I spent a rainy October day recently in the company of a few Northeast Texas corn, wheat and cattle farmers, a most enjoyable way to spend any day and an especially good use of time when the soaking taking place outside makes field work impossible and puts farmers in a mood to chat.
No one was in any particular hurry to get rid of me.
Eric Akins, Ken Griffin, his son Chris, and Jim Swart, a Texas Extension IPM agent who leads me to good interviews from time to time, sat around a table at a small café in Van Alstyne, munching on exceptional cheese burgers and homemade French fries and talking about the sorry state of farm economics.
These aren't particularly gloomy folk. They don't grouse much about how rural America is going to hell in a fertilizer sack and they take the bad weather with the good and figure things will even out as long as they do their jobs and take care of the things they can control.
But they are not happy with the current state of farm finance.
“Our production costs are completely out of line. It takes an average yield just to get our money back,” Akins said. “That's not good business. And if we cut back on inputs, we can't even make average. Cutting yield comes right off the top.”
Griffin and Akins, along with Bobby Sollis, with whom I caught up later in his farm shop, are doing all they can to control costs without sacrificing production. They've all three eliminated a trip or two across the fields and are looking closely at residual fertility in wheat that follows corn. But neither of the three believes in wholesale cuts in necessary production practices.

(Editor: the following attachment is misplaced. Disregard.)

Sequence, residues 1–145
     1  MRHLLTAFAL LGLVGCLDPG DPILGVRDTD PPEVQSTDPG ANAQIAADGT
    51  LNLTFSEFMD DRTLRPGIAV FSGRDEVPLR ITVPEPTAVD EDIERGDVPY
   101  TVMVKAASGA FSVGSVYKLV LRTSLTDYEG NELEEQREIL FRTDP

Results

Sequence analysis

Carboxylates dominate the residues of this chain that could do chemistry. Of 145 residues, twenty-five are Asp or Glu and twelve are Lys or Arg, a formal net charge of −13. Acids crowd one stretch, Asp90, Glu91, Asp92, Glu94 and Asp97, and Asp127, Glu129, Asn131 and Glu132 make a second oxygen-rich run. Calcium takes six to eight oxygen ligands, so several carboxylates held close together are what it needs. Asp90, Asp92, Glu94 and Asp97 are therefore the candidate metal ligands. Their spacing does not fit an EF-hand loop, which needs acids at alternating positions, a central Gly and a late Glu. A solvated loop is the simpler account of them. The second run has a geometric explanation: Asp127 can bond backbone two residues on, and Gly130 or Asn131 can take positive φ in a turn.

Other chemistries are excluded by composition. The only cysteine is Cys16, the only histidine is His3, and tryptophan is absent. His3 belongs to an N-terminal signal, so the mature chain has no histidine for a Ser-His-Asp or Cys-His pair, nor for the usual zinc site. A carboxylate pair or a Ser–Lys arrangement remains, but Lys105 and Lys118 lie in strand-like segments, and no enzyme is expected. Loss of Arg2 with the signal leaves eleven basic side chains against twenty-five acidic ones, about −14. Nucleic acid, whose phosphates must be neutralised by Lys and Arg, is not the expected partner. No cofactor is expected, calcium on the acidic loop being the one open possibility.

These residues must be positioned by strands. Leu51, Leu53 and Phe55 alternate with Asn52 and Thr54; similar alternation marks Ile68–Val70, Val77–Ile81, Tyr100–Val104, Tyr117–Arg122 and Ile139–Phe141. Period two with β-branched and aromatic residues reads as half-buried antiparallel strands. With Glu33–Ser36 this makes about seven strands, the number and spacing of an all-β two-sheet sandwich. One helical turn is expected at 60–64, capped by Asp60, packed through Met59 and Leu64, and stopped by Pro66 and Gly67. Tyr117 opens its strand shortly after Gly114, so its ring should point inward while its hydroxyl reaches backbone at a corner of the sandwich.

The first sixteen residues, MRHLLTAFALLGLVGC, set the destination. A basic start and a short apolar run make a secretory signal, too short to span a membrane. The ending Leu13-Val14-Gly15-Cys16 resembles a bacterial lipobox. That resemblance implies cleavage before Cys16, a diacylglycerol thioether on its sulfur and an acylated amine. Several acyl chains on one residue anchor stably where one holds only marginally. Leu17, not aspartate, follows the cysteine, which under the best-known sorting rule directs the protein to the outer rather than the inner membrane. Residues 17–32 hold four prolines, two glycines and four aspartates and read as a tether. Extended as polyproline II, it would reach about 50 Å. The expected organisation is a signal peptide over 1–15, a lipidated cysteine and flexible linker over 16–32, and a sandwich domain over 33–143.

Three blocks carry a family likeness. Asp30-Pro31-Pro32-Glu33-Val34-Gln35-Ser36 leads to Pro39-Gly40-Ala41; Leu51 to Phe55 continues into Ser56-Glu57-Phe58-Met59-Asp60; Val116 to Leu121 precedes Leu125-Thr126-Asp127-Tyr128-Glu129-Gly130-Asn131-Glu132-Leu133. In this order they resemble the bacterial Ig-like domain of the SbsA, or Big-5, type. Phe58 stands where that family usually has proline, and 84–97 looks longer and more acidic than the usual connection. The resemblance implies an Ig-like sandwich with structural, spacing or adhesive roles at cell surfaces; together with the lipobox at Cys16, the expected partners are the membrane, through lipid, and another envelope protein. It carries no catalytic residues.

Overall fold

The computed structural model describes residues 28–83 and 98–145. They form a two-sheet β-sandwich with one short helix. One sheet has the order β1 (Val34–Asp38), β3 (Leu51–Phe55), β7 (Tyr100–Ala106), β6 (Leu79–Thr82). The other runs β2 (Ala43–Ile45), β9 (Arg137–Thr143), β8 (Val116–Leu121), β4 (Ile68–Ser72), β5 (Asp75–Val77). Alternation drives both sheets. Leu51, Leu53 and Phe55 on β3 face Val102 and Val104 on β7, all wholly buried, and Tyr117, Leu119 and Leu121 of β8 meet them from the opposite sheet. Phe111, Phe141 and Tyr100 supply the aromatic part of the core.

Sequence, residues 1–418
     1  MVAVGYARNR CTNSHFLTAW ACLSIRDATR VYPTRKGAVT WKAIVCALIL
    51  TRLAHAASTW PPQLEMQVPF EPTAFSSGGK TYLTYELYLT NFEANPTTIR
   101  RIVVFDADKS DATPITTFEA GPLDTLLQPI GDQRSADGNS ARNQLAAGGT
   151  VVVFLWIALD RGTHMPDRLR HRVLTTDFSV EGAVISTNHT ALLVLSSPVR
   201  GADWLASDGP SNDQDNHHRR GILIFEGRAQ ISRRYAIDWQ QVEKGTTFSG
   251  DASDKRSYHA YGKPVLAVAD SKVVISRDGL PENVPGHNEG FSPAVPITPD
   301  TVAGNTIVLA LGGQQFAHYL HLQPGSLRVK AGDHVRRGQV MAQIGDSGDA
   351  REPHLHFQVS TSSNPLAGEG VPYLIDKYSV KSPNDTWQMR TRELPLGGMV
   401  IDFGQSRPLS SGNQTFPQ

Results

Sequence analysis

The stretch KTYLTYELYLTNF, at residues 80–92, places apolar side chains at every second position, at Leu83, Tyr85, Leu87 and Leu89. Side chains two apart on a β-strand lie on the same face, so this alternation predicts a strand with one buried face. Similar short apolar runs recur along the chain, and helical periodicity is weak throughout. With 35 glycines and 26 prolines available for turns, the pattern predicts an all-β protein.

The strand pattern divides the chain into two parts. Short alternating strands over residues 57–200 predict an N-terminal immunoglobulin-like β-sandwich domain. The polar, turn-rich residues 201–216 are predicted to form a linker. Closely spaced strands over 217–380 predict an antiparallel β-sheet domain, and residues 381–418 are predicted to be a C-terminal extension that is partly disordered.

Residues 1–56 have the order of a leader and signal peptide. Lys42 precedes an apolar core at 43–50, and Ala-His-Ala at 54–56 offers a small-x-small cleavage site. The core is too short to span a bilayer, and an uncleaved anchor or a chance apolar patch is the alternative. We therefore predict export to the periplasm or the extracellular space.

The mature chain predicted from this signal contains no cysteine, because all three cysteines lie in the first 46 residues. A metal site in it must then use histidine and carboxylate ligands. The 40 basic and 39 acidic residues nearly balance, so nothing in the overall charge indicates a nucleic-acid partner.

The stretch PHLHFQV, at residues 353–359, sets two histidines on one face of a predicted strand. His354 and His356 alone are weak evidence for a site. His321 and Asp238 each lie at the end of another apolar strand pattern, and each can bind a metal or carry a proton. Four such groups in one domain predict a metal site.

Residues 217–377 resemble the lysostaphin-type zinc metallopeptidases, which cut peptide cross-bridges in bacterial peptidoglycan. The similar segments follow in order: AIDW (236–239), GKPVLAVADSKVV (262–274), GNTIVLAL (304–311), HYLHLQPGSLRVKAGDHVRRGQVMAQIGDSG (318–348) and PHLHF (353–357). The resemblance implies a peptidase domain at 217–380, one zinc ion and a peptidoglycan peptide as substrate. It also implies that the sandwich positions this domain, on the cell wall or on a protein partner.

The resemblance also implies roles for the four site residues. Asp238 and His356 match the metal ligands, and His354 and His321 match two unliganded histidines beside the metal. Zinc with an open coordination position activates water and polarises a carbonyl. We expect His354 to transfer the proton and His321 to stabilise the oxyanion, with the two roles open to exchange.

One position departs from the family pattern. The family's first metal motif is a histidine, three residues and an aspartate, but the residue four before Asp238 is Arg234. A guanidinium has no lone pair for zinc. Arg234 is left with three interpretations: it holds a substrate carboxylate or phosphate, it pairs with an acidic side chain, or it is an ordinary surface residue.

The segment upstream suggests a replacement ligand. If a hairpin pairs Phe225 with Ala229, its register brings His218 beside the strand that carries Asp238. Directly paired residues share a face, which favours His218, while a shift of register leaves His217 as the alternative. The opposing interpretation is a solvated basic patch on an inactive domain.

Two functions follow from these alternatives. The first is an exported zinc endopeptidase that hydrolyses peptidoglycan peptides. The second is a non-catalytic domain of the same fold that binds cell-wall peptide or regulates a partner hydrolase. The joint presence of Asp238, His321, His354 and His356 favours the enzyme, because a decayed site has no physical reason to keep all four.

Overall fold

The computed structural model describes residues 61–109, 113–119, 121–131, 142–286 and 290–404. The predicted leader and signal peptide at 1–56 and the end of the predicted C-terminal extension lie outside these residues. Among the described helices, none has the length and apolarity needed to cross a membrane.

“We have to get a better price,” Griffin said.
They don't believe trade agreements, at least agreements that resemble recent pacts, will solve the problems. Trading partners seems to get the better of those deals. And they look at rapidly escalating costs of energy, fertilizer and equipment and can't help but wonder what the future holds.
They admitted to perhaps a grudging understanding of why the European Union holds fast to farm subsidies. “They've been hungry before,” Akins said. He said the devastation of two world wars made Europeans keenly aware of how vulnerable a country becomes when it can't feed its people.
As I said, these are not doom and gloom, down in the mouth complainers. All three are good farmers and all three plan to follow much the same program for corn and wheat that they've followed, and been successful with, for years. But they are concerned.
As am I. I first heard the term “cost/price squeeze” shortly after I joined Farm Press Publications, back in 1978. It's an expression that pops up way too of 10 and illustrates how inadequate farm programs have become. Rarely do I meet a farmer who wants the government to pay all his bills, assure him a profit and guarantee his survival on the farm. What happens instead is that legislators continue to chip away at supports or give up way too much in trade negotiations, leaving farmers even more exposed to the caprices of weather and markets.
Farmers need to know that their government considers food and fiber production a crucial part of the country's economy and that they are willing to take actions necessary to protect it.
That's only reasonable.
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